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The K53 of Running a Business

24 November 2020 Author :  

“The K53 of Running a Business”
Pat Pattinson

This may seem like a rather strange heading, so allow me to put it into perspective.  The K53 is the manual that we study to get our driver’s licence. The general consensus of opinion regarding this book and the subsequent test, is that it is completely unrealistic to expect any person to continue driving as set out by the K53. In fact, we would have complete chaos on the road should we attempt to do so.

Many years ago, after failing my driver’s licence test, I had the privilege of an informal chat with  one of the heads of the traffic department. He completely agreed that no one would continue driving the way the K53 manual dictates. However, he made one very important point - that the test is designed in such a strict manner, because its sole aim is to force us to retain what is necessary and adopt what we need to in order to be safe on the roads. The official expectation is to retain about 20% of what is contained in the K53 Manual.

If we apply this concept and look at the how-to, business literature on sale-  the books, blogs, theories and advice available to us; it seems that every well-informed and less well-informed person has added his or her five cents’ worth to the library of business-information. Generally, it would be unrealistic to run a business purely based on the theories and advice given in these business books.

Especially when many of the more popular theories were written eons ago. Douglas McGregor’s famous X-Y theory was written in 1960; Maslow's hierarchy of needs in 1943; and the SWOT Analysis was credited to Albert Humphrey in the early 1960s. How applicable could they still be to modern business and hi-tech entrepreneurs, and why are the business-minded still so keen on enforcing these theories?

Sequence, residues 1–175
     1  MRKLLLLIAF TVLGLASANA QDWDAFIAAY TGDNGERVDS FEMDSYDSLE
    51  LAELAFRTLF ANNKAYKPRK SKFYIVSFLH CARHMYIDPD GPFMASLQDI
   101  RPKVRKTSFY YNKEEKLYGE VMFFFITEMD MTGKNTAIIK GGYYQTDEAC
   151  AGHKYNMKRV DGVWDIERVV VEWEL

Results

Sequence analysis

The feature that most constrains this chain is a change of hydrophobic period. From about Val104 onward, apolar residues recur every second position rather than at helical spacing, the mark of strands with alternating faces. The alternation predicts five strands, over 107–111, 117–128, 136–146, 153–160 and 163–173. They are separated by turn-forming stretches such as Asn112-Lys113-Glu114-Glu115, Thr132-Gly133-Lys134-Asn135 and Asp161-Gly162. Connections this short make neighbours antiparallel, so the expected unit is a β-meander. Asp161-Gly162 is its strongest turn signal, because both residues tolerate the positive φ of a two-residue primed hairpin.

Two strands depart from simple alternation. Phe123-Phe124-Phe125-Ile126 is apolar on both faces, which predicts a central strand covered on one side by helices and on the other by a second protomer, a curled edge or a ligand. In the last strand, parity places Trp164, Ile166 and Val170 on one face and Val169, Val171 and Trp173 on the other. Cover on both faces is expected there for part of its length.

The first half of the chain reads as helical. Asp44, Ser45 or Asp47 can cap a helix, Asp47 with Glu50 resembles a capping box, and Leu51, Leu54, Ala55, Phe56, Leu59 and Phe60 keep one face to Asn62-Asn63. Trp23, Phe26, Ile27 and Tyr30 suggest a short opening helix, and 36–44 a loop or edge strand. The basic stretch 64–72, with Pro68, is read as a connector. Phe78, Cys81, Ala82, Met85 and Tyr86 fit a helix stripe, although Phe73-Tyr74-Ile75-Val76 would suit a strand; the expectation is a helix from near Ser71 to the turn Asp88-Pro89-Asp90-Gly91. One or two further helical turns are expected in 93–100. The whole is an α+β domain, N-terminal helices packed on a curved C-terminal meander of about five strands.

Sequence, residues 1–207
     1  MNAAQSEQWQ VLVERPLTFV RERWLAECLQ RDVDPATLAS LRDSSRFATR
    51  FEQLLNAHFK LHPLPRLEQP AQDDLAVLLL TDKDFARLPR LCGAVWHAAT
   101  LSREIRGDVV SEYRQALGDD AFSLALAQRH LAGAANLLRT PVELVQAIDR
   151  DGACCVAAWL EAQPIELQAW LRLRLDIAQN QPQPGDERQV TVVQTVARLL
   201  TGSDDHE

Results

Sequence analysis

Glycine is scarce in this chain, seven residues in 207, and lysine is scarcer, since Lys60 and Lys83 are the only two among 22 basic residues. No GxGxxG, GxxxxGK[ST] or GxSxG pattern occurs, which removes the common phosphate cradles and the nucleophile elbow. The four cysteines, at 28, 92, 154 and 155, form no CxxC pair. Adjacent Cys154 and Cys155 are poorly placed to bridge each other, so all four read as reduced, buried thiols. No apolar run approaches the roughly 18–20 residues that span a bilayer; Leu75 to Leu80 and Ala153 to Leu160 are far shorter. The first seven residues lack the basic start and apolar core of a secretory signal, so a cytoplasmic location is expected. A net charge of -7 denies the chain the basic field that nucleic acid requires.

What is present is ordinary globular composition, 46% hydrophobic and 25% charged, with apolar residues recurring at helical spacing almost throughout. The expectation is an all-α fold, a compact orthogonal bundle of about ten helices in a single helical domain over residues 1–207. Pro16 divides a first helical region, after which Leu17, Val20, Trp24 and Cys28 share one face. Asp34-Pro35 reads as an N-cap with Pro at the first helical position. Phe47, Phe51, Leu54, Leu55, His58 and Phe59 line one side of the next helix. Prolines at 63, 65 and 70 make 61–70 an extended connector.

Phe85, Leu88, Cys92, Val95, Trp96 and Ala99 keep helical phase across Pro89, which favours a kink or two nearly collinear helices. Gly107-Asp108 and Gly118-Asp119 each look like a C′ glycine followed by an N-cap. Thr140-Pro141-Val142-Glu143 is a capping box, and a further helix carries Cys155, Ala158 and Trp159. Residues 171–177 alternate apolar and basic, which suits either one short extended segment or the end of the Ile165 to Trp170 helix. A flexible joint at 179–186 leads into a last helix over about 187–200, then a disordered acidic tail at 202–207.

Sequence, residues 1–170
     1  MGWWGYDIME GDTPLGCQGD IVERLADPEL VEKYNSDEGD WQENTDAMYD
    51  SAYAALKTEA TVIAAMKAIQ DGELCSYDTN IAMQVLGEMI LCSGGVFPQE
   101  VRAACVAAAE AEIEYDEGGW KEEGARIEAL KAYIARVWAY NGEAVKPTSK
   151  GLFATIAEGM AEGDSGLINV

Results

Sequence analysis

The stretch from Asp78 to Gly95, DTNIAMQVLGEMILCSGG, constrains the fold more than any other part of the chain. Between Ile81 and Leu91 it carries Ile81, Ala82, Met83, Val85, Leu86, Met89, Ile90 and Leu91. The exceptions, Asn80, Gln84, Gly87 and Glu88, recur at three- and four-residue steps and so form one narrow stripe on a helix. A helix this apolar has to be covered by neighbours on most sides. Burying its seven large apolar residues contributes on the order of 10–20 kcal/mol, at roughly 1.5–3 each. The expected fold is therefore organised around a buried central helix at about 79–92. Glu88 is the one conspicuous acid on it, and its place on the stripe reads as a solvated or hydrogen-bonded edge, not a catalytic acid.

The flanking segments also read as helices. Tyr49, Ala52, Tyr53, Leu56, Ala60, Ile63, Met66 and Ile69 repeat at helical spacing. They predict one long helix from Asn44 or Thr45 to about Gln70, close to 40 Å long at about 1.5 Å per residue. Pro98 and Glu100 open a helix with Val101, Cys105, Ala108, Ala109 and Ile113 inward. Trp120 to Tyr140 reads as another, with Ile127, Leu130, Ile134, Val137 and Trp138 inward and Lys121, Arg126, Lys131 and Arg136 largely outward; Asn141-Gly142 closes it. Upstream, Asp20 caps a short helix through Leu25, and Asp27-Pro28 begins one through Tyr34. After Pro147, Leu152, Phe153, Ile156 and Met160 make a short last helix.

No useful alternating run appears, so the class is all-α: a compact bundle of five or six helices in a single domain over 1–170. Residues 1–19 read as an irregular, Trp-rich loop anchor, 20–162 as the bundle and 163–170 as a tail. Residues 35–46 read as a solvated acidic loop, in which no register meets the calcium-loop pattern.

In my opinion, the advice, books and theories should be studied and tailored so that you can fillet specifics relevant to your own business. One of Albert Einstein’s less famous quotes went something like, “a good entrepreneur invents; a great entrepreneur steals and improves.” So business is about adaptation. It isn’t like baking a cake, where you follow a tried and trusted  recipe. It simply doesn’t work that way. There is no recipe. 

Take the official manuals and theories but don’t be afraid to adapt their philosophies to your own style. If you were to implement Maslow's hierarchy of needs into your business in exactly the way he wrote it, the CCMA will have a clear-out sale where your business use to be.

Think about it: you can no longer remunerate or reward a person based on his or her position in life, nor can you give increases and bonuses based on an individual’s performance. We have unions, bargaining councils and laws that, in most instances, automatically inform us of what increase everybody will get – irrespective of their work performance.

There are also many theories that can no longer be strictly applied, such as those of Jack Welsh, who advised that business owners should get rid of the ‘bottom’ 10% of your employees just for being at the bottom of the pack. Taking this advice would currently land employers in a rather difficult position, given that we need to jump through all the hoops of disciplinary action as per the labour relations act, with clear reasons for dismissals. Simply being at the bottom 10% is not one of these conditions.

With this in mind, a balanced view of the theories of business is in order. As with the K53, listen to advice, read the books and study the theories, but in the long term, take only what is relevant, adapt it to suit you - and ignore the rest.

Pat Pattinson
TMA-SA
Chief Operating Officer

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